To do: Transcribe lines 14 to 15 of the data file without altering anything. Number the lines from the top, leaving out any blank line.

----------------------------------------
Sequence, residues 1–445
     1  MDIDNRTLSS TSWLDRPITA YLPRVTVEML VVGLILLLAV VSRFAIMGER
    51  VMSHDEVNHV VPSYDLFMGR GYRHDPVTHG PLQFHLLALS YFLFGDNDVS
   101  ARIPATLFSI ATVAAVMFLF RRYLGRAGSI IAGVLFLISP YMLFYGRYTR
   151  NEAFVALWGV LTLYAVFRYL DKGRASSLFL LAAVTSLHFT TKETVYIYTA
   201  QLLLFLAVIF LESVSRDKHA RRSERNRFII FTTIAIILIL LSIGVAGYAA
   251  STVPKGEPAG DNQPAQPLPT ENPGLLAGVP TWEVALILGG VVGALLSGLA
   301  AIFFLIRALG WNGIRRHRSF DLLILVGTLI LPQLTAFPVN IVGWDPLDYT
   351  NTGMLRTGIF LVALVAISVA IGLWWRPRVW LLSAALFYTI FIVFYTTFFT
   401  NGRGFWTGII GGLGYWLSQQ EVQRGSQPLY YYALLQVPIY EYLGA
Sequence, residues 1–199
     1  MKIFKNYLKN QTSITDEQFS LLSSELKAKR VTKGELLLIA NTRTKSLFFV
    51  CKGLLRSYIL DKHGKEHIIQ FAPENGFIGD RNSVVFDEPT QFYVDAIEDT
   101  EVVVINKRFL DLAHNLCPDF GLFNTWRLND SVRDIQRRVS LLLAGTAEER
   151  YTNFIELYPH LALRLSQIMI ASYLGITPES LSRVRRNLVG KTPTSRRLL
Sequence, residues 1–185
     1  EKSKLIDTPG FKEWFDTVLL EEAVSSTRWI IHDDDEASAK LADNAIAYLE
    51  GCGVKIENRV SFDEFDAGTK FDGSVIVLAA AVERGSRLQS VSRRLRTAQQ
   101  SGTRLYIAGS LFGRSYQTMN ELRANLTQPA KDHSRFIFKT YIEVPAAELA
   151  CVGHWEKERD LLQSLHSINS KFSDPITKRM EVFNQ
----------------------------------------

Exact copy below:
   101  EVVVINKRFL DLAHNLCPDF GLFNTWRLND SVRDIQRRVS LLLAGTAEER
   151  YTNFIELYPH LALRLSQIMI ASYLGITPES LSRVRRNLVG KTPTSRRLL